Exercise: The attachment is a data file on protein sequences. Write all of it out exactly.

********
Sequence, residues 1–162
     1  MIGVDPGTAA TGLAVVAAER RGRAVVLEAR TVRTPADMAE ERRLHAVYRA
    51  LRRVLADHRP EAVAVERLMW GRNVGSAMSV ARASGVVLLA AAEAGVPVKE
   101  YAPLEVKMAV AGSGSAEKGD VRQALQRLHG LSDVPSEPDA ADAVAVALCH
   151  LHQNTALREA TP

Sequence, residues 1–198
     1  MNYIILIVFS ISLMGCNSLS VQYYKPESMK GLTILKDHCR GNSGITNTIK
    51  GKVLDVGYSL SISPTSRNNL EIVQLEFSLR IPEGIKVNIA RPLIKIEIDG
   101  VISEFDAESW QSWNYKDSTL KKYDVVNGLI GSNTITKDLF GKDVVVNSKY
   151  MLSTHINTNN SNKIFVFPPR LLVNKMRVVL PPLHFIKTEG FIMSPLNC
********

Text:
Sequence, residues 1–162
     1  MIGVDPGTAA TGLAVVAAER RGRAVVLEAR TVRTPADMAE ERRLHAVYRA
    51  LRRVLADHRP EAVAVERLMW GRNVGSAMSV ARASGVVLLA AAEAGVPVKE
   101  YAPLEVKMAV AGSGSAEKGD VRQALQRLHG LSDVPSEPDA ADAVAVALCH
   151  LHQNTALREA TP

Sequence, residues 1–198
     1  MNYIILIVFS ISLMGCNSLS VQYYKPESMK GLTILKDHCR GNSGITNTIK
    51  GKVLDVGYSL SISPTSRNNL EIVQLEFSLR IPEGIKVNIA RPLIKIEIDG
   101  VISEFDAESW QSWNYKDSTL KKYDVVNGLI GSNTITKDLF GKDVVVNSKY
   151  MLSTHINTNN SNKIFVFPPR LLVNKMRVVL PPLHFIKTEG FIMSPLNC